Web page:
Recently, Democrats have been propagating the canard that Republicans are eager to impeach President Obama. While it’s true that Sarah Palin called for the President’s impeachment on Fox News earlier this month, it’s helpful to remember than Palin isn’t a politician anymore and that her statements are in no way indicative of the Republican Party’s intentions. The occasional Republican endorsement of impeachment has been milked by Democrats for the purpose of raising money and placing the blame for government inaction entirely on the shoulders of conservatives.
Nate Silver crunched some numbers related to talk of impeachment and found, unsurprisingly, that liberals raise the topic far more often than conservatives, both in the media and in the halls of Congress.
So far in July, there have been 10 mentions of the term “impeachment” in Congress and four others of the term “impeach.” Eleven of the 14 mentions have been made by Democratic rather than Republican members of Congress, however.
…for every mention of impeachment on Fox News in July, there have been five on liberal-leaning MSNBC.
This data comes from a Lexis-Nexis search of transcripts on each network. It counts each mention of the words “impeach” or “impeachment.” The terms were used 32 times in a single episode of MSNBC’s “The Ed Show” on Monday. … The scoreboard so far in July: Fox News has 95 mentions of impeachment, and MSNBC 448.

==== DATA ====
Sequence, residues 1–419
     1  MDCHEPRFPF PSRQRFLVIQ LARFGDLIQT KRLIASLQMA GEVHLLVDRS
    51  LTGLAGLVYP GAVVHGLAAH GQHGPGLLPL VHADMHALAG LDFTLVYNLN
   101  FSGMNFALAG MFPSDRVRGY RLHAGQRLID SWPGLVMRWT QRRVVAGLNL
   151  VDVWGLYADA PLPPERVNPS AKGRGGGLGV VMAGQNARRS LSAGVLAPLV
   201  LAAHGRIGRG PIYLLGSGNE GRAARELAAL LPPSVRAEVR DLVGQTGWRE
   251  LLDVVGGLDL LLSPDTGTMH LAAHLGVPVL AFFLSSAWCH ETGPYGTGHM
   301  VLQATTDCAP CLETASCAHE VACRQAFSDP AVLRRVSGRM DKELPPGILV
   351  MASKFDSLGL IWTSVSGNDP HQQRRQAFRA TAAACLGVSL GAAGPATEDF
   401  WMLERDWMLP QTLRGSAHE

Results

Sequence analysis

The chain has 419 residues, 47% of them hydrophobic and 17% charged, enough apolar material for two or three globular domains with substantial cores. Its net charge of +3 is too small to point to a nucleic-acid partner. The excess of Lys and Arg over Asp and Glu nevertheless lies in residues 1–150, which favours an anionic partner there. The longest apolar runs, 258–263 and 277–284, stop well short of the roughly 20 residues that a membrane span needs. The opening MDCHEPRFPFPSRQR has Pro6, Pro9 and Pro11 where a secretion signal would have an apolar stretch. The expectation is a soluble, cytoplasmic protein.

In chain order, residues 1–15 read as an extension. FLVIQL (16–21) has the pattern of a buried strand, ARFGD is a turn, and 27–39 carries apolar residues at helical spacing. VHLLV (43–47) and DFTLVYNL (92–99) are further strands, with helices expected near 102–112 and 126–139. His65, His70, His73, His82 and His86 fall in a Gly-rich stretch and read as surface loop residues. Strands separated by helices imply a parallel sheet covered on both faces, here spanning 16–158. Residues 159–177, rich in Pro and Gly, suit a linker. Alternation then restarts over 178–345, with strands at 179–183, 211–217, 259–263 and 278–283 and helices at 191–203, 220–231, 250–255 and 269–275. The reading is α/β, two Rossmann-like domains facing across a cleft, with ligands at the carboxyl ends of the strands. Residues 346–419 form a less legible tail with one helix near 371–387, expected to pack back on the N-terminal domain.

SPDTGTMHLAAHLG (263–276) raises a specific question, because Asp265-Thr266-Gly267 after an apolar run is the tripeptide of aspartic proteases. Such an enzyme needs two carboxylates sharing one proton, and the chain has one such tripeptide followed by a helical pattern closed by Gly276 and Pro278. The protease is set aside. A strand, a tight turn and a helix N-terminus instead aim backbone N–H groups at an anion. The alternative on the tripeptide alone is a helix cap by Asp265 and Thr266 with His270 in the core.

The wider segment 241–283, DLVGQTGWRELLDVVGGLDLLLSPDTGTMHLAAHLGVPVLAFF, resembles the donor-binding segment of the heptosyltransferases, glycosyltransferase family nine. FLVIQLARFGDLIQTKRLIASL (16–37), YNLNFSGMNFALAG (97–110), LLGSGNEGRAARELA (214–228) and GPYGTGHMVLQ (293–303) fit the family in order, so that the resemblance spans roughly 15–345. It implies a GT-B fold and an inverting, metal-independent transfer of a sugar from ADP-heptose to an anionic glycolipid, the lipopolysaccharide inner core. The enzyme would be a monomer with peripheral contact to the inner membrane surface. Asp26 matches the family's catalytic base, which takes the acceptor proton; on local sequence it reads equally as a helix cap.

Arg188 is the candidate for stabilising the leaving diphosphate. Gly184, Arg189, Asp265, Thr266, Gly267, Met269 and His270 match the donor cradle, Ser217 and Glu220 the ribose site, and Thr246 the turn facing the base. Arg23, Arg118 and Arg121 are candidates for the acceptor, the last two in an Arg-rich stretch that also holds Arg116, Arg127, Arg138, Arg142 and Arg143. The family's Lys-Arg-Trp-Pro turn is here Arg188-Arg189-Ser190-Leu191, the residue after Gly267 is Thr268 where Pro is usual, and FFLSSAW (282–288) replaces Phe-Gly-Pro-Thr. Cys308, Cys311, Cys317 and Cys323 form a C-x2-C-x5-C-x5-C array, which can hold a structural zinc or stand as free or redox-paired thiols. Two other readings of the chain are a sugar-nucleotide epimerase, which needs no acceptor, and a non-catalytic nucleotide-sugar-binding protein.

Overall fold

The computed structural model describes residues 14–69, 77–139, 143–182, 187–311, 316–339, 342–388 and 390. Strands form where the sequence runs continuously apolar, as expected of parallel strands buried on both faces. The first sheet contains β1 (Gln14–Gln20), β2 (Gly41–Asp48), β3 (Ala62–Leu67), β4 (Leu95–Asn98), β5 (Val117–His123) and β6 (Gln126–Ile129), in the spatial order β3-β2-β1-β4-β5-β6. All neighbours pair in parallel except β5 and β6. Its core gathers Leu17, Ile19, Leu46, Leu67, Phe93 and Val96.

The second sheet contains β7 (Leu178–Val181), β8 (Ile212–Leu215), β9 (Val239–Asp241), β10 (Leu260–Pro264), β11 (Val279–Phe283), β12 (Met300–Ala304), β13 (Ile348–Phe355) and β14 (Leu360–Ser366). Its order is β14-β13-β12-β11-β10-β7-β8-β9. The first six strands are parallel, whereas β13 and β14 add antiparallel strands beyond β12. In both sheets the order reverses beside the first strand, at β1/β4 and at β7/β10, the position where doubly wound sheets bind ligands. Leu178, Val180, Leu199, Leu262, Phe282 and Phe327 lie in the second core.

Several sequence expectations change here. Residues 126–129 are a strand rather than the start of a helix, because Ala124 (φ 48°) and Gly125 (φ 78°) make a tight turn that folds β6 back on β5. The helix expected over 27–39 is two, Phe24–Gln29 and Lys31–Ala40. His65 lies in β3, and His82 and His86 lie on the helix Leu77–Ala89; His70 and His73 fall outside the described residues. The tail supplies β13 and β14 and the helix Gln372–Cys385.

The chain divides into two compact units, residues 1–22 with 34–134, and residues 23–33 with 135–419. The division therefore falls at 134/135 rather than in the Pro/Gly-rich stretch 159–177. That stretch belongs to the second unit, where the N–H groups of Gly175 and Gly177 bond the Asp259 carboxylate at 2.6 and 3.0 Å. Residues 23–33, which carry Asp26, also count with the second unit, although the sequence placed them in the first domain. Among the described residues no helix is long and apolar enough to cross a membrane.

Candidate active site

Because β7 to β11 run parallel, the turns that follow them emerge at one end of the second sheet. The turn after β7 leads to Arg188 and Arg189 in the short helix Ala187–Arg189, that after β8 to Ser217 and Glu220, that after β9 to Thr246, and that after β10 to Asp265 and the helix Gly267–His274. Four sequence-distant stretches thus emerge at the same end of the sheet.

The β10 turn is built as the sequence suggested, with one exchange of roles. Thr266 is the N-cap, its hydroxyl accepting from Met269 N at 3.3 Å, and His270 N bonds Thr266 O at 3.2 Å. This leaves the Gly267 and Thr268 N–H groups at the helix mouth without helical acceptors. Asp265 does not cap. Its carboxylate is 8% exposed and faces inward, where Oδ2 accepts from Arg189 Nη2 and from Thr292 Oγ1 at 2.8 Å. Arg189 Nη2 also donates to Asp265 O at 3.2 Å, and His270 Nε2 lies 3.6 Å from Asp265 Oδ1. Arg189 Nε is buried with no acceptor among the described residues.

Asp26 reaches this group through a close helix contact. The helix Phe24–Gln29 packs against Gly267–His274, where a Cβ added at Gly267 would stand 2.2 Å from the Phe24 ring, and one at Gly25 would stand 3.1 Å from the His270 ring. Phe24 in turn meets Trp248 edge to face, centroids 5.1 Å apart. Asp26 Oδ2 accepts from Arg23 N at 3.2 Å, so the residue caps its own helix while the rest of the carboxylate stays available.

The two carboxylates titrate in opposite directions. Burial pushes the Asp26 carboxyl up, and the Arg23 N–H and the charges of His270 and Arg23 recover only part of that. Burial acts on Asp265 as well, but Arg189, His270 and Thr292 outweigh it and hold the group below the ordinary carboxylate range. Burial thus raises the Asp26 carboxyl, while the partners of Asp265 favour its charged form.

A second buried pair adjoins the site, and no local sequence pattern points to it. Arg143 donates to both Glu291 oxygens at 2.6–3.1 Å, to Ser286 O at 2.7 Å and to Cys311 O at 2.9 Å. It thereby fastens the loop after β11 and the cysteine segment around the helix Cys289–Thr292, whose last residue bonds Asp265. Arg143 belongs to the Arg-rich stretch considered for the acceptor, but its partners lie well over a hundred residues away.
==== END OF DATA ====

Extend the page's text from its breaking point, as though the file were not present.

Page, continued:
David Graham of The Atlantic couldn’t help but notice all the fundraising emails mentioning impeachment that have flooded his inbox recently:
If all you were reading were Democratic email lists…you might imagine it was December 1998 all over again. The set of increasingly hysterical missives from the Democratic Congressional Campaign Committee presents an alternate political history of the last week.
It’s no secret why Democrats are so eager to talk about impeachment. By their own admission, it’s been a cash cow, drawing in millions of dollars in donations.
Talk of impeachment is an illustrative example of how liberals use the most outrageous utterances of Republicans as a means of drumming up hatred for conservatives, a propaganda war that conveniently serves the purpose of excusing the President’s failures.
Undoubtedly, House Republicans hold many unreasonable views, especially on economic issues. But contrary to what Democrats suggest, there is common ground between progressives and Tea Party conservatives.
Senators Rand Paul (R-KY) and Cory Booker (D-NJ), for instance, collaborated on the REDEEM Act, which seeks to “cut the cost and stigma of non-violent drug offenses by limiting how long criminal records stick to ex-convicts.” They also proposed an amendment, described by the Drug Policy Alliance as “groundbreaking,” that would prohibit federal agencies from interfering with state medical marijuana laws.